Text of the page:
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  • Scientists Wonder: Why Do We Dance?

    Posted on May 14th, 2018 admin No comments

     Why Do We Dance

    My wife and I are square dancers (and also do rounds and contras, ballroom, and social dancing).  Why do we love to dance?  Let’s look at some scientific answers to the question, “Why do we dance?”

    A PSYCHOLOGIST’S ANSWER

    Kimerer LaMothe, Ph.D., writing in Psychology Today, labels dance as “a quintessential human experience.” She considers dance to be those movements which define who we are, as individuals and as a species. “Dance is not an accidental or supplemental activity in which humans choose to engage or not. Dance is essential to our survival as human beings.” In other words, circularly, we dance because we are human (she ignores the mating dances of many other species) and we are human because we dance.vector-kokopelli

    LaMothe feels that “Any dance tradition or technique represents movement patterns that those persons have found useful for connecting them to something they perceive as having value—whether tribe or tradition, pleasure or skill, community or divinity, heaven or Earth. Dance as movement is inherently relational.”

    IT’S EVOLUTION

    An article in LiveScience takes an evolutionary approach. Here, dance seems to be defined as movement coordinated with rhythmic sounds. “The answer to why we dance – and even why some people are better dancers than others – can be found in evolution,” writes Assistant Managing Editor Denise Chow. “A study published in the Public Library of Science’s genetics journal in 2006 suggested that long ago the ability to dance was actually connected to the ability to survive.

    PSM_V41_D770_Dance_of_nahikaiAccording to the study, dancing was a way for our prehistoric ancestors to bond and communicate, particularly during tough times. As a result, scientists believe that early humans who were coordinated and rhythmic could have had an evolutionary advantage.” (For a detailed if out-of-date and now politically incorrect account, read “The Evolution of Dancing” in Popular Science Monthly, Oct. 1892)

    IT’S IN THE GENES

    “A more recent study suggests babies are born to dance, with the ability to bop to the beat as young as 5 months old. The scientists aren’t sure why humans might have this innate ability.” There is an amazing number of cute Youtube videos of toddlers bopping to the beat. This is probably the best time to get the kids out on the square dance floor!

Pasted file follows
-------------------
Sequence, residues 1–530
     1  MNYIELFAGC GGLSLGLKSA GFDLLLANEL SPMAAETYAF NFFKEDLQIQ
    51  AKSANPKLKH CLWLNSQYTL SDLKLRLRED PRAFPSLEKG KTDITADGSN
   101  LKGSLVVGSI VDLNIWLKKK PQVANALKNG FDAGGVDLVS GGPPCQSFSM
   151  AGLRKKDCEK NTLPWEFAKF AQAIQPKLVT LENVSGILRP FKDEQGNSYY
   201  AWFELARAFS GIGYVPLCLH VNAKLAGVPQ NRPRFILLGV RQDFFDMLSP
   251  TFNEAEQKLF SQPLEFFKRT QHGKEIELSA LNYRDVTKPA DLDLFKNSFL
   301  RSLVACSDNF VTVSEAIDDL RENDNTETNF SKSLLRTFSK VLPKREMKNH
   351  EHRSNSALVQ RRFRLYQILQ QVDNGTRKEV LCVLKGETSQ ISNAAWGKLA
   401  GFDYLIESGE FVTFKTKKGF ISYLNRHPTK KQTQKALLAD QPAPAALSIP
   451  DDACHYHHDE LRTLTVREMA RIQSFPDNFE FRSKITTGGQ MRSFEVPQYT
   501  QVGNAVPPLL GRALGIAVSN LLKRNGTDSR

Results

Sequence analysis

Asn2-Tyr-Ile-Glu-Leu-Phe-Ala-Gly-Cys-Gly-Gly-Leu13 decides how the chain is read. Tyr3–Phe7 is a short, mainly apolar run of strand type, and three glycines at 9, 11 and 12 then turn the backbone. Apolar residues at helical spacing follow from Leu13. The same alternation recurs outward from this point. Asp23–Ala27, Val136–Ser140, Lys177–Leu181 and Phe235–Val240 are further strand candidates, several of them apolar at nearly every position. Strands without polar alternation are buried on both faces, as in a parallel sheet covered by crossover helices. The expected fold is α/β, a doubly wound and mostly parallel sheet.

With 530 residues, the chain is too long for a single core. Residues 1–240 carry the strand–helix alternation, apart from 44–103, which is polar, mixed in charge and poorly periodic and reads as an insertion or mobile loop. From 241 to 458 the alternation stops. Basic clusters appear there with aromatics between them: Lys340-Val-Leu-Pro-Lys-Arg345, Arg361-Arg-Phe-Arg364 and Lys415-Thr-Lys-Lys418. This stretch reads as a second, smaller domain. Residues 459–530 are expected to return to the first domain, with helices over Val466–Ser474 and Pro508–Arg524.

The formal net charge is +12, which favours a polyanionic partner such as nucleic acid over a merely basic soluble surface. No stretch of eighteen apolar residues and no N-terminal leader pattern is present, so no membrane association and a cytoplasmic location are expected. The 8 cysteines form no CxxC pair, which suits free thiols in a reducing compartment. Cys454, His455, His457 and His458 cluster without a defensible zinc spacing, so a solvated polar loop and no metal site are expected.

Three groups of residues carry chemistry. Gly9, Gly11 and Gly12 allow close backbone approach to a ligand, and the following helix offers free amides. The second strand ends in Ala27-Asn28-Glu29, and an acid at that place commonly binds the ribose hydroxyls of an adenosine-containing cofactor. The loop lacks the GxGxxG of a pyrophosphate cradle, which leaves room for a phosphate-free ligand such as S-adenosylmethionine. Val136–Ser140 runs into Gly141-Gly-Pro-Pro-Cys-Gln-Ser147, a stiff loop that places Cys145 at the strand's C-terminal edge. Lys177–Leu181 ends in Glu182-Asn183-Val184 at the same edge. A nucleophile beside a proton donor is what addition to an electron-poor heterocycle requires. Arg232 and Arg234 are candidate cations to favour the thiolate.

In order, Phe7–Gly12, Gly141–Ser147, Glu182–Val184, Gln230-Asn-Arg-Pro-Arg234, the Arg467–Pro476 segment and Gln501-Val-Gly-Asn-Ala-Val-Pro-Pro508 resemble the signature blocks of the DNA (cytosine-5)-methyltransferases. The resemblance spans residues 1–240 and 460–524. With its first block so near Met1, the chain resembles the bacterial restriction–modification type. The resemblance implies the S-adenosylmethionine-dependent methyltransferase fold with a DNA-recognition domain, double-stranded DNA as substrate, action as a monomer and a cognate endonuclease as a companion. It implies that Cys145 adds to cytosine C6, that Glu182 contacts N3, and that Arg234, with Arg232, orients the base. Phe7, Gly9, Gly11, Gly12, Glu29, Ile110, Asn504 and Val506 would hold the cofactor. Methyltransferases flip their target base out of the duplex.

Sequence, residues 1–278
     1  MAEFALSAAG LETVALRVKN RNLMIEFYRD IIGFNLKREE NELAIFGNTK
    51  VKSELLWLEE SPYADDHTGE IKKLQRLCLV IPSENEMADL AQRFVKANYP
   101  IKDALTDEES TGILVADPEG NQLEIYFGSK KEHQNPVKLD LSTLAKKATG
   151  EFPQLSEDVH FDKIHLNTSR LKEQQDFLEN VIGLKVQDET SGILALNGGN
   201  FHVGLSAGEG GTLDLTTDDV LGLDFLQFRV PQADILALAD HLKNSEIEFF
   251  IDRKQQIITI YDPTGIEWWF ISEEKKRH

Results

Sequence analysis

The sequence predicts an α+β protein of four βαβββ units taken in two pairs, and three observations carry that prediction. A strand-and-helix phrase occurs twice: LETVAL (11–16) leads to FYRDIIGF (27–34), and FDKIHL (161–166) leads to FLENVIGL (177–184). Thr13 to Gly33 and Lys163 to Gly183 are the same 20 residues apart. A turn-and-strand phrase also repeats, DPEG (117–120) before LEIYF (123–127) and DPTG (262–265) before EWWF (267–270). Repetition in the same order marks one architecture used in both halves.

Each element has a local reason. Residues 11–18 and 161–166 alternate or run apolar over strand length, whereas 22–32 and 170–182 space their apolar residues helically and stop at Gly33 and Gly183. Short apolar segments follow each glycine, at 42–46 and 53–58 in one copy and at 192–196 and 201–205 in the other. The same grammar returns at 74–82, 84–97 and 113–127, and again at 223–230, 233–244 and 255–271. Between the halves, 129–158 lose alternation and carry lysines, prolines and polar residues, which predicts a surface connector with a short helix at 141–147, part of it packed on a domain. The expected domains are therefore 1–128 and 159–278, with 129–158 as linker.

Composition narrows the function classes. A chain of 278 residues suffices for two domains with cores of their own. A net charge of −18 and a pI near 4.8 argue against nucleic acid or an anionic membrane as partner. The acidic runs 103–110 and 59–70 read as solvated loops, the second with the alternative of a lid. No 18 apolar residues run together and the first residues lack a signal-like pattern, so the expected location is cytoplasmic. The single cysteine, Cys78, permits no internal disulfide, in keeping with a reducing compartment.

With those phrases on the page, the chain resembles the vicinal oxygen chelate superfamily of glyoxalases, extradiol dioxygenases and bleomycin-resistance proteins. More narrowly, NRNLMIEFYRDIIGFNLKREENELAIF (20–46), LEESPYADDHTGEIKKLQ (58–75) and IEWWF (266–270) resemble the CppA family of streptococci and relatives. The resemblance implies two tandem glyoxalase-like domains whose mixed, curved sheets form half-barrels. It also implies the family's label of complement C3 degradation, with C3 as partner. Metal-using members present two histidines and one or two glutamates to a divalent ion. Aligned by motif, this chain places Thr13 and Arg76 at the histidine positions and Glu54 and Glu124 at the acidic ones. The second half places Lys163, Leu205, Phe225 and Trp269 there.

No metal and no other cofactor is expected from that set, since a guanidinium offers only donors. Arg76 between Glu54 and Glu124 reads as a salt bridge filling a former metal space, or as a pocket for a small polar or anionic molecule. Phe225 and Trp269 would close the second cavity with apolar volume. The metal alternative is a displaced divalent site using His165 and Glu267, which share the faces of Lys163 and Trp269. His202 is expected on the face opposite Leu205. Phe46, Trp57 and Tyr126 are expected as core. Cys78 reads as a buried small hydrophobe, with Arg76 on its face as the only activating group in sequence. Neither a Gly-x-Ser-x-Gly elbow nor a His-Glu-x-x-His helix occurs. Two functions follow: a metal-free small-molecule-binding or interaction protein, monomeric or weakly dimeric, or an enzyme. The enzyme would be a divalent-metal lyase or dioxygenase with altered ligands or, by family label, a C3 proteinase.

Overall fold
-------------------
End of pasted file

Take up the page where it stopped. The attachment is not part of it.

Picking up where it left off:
NEUROLOGY: BRAIN REWARDS

    Writing in Scientific American, neurologist John Krakauer suggests that we dance because “coordinated movement” acts to “stimulate our brains’ reward centers.” There seems to be a three-fold pattern involved in the neurological rewards of dance.

    First, movement itself provides pleasurable stimulation. “Scientists aren’t sure why we like movement so much, but there’s certainly a lot of anecdotal evidence to suggest we get a pretty big kick out of it,” says Krakauer. Most of us are familiar with the pleasant tiredness that follows exercise—and dancing.

    Secondly, “Music is known to stimulate pleasure and reward areas like the orbitofrontal cortex, located directly behind one’s eyes, as well as a midbrain region called the ventral striatum. In particular, the amount of activation in these areas matches up with how much we enjoy the tunes. In addition, music activates the cerebellum, at the base of the brain, which is involved in the coordination and timing of movement.”

    So combining movement with music is doubly pleasant. “Maybe synchronizing music, which many studies have shown is pleasing to both the ear and brain, and movement—in essence, dance—may constitute a pleasure double play.”Young people on the party .

    A third factor is social. “…Mounting evidence suggests that we are sensitive and attuned to the movements of others’ bodies, because similar brain regions are activated when certain movements are both made and observed. For example, the motor regions of professional dancers’ brains show more activation when they watch other dancers compared with people who don’t dance.”

    The result is a kind of neurological trifecta: music plus movement plus other people moving to music gives the brain a triple whammy of joy-juice.

    Whether the explanation is psychological, evolutionary, or neurological, the scientific answers to “Why do we dance?” all boil down to the reason my wife and I like to square dance: It’s friendship set to music, and it’s a heck of a lot of fun.

     

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